In circuit theory, Thévenin's theorem for linear electrical networks states that any combination of voltage sources, current sources and resistors with two terminals is electrically equivalent to a single voltage source V and a single series resistor R. For single frequency AC systems the theorem can also be applied to general impedances, not just resistors.

This theorem states that a circuit of voltage sources and resistors can be converted into a Thévenin equivalent, which is a simplification technique used in circuit analysis. The Thévenin equivalent can be used as a good model for a power supply or battery (with the resistor representing the internal impedance and the source representing the electromotive force). The circuit consists of an ideal voltage source in series with an ideal resistor.

Figure 1.5.1 Any black box containing only voltage sources, current sources, and other resistors can be converted to a Thévenin equivalent circuit, comprising exactly one voltage source and one resistor.

Review Lab Activity: Real voltage sources

1.6 Review of Norton's theorem

Norton's theorem for linear electrical networks states that any collection of voltage sources, current sources, and resistors with two terminals is electrically equivalent to an ideal current source, I, in parallel with a single resistor, R. For single-frequency AC systems the theorem can also be applied to general impedances, not just resistors. The Norton equivalent is used to represent any network of linear sources and impedances, at a given frequency. The circuit consists of an ideal current source in parallel with an ideal impedance (or resistor for non-reactive circuits).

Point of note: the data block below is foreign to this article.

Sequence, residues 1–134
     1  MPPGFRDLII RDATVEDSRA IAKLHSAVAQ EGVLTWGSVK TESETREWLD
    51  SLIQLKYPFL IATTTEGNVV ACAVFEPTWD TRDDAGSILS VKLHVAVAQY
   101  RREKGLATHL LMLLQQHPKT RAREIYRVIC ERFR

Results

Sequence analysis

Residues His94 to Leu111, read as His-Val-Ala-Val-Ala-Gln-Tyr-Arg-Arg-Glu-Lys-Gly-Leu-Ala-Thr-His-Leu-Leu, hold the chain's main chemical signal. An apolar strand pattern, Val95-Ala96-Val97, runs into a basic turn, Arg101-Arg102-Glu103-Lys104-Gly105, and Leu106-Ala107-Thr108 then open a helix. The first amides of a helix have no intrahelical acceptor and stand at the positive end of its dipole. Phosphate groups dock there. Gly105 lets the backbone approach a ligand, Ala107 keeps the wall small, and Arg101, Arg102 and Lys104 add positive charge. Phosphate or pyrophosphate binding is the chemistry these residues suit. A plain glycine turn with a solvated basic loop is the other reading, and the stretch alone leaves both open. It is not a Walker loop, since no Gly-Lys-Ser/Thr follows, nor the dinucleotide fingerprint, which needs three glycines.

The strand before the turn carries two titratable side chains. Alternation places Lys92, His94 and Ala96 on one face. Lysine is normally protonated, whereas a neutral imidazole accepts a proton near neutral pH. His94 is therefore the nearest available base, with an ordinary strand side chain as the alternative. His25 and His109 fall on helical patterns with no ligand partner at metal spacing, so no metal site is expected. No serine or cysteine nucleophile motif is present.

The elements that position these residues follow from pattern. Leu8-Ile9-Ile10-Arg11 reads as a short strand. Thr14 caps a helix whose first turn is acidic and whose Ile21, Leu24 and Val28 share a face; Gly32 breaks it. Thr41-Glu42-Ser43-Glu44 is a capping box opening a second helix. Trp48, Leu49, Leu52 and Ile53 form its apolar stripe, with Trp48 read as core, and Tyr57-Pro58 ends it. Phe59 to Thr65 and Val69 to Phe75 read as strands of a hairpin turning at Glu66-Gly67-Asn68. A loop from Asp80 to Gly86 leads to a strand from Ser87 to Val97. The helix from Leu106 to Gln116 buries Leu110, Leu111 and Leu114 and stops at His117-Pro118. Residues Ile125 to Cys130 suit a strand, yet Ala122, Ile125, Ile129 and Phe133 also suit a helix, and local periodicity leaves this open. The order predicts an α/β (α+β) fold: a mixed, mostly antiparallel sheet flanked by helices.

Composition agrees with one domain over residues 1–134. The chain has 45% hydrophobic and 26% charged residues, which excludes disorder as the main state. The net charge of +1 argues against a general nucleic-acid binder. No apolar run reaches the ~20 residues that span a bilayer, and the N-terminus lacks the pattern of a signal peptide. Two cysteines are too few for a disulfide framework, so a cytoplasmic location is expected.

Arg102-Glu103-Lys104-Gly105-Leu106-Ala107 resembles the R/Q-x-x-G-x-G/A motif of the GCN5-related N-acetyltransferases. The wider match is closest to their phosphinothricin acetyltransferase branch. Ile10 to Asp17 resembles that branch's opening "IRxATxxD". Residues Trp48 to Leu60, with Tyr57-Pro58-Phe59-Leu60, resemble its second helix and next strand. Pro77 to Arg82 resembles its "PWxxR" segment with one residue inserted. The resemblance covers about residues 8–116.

Figure 1.6.1 Any black box containing only voltage sources, current sources, and resistors can be converted to a Norton equivalent circuit.

1.7 Review of the Superposition Theorem

The Superposition Theorem is one of those strokes of genius that takes a complex subject and simplifies it in a way that makes perfect sense. The strategy used in the Superposition Theorem is to eliminate all but one source of power within a network at a time, using series/parallel analysis to determine voltage drops (and/or currents) within the modified network for each power source separately. Then, once voltage drops and/or currents have been determined for each power source working separately, the values are all “superimposed” on top of each other (added algebraically) to find the actual voltage drops/currents with all sources active. To understand the concept we will analyze the following example circuit and apply the Superposition Theorem to it:

Figure 1.7.1

There are two sources of power in this circuit, figure 1.7.1, therefore we will have to calculate two sets of values for voltage drops and/or currents. The general rule, when applying the Superposition Theorem to a circuit for series/parallel analysis with one source, all other voltage sources are replaced by shorts, and all current sources with open circuits. We have only voltage sources (batteries) in this example circuit. Every inactive source will be replaced with a short during analysis.

The first set is done for the circuit with the 5 volt source removed and replaced with a short circuit, and only the 2.6 volt source remaining, figure 1.7.2.